Famous visitors | The Fashion Museum
Image: 'The Concert Room', 1805 print by John Claude Nattes Image: 'The Concert Room', 1805 print by John Claude Nattes Show image info

'The Concert Room', 1805 print by John Claude Nattes

Famous visitors

​The Assembly Rooms greeted many famous visitors in the 18th and 19th centuries. Both Jane Austen and Charles Dickens mention the Assembly Rooms in their novels.

Jane Austen

Born at Steventon, Hampshire 1775. Died Winchester, Hampshire 1817.

She visited relatives in Bath as a young girl; later, when her father retired as a clergyman,  she came to live in Bath with her parents and sister from 1801 to 1805. They lived at several addresses in Bath such as Green Park and Gay Street, but for the most part at 4 Sydney Place, now opposite the Holburne Museum. Only two of Jane Austen's novels are set in Bath: Northanger Abbey and Persuasion, both published in 1818Both mention the Assembly Rooms, which Jane Austen herself visited.

'Mrs Allen was so long in dressing, that they did not enter the ball-room till late. The season was full, the room crowded, and the two ladies squeezed in as well as they could. As for Mr Allen, he repaired directly to the card-room, and left them to enjoy a mob by themselves.' Northanger Abbey, 1818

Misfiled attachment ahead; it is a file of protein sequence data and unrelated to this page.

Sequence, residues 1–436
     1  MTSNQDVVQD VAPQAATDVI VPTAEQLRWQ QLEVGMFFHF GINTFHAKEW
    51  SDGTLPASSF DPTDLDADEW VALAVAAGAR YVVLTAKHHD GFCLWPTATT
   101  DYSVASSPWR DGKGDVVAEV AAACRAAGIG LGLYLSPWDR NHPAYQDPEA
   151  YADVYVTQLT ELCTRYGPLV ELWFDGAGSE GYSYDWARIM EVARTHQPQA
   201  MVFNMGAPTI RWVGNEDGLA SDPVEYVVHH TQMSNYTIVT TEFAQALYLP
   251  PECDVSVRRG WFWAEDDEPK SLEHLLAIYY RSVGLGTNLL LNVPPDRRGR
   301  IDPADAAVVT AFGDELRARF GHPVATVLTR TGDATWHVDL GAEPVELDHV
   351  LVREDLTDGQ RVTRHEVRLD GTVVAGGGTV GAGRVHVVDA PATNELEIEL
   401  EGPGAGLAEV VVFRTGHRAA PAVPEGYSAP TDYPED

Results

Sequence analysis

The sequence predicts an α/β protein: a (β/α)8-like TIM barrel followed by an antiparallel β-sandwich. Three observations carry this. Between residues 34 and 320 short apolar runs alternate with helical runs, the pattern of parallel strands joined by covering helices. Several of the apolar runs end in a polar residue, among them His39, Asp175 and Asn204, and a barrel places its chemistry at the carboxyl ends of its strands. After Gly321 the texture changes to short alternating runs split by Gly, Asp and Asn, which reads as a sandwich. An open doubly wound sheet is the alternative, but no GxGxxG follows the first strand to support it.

Charles Dickens

Born Portsmouth 1812. Died Rochester 1870.

He visited Bath on several occasions and mentions the Assembly Rooms in the Pickwick Papers, published 1837. He also gave public readings from his works in the Assembly Rooms.

'In the ball-room, the long card-room, the octagonal card-room, the staircases, and the passages, the hum of many voices, and the sound of many feet, were perfectly bewildering. Dresses rustled, feathers waved, lights shone, and jewels sparkled. There was the music – not of the quadrille band, for it had not yet commenced; but the music of soft tiny footsteps, with now and then a clear merry laugh – low and gentle, but very pleasant to hear in a female voice, whether in Bath or elsewhere.' The Pickwick Papers, 1837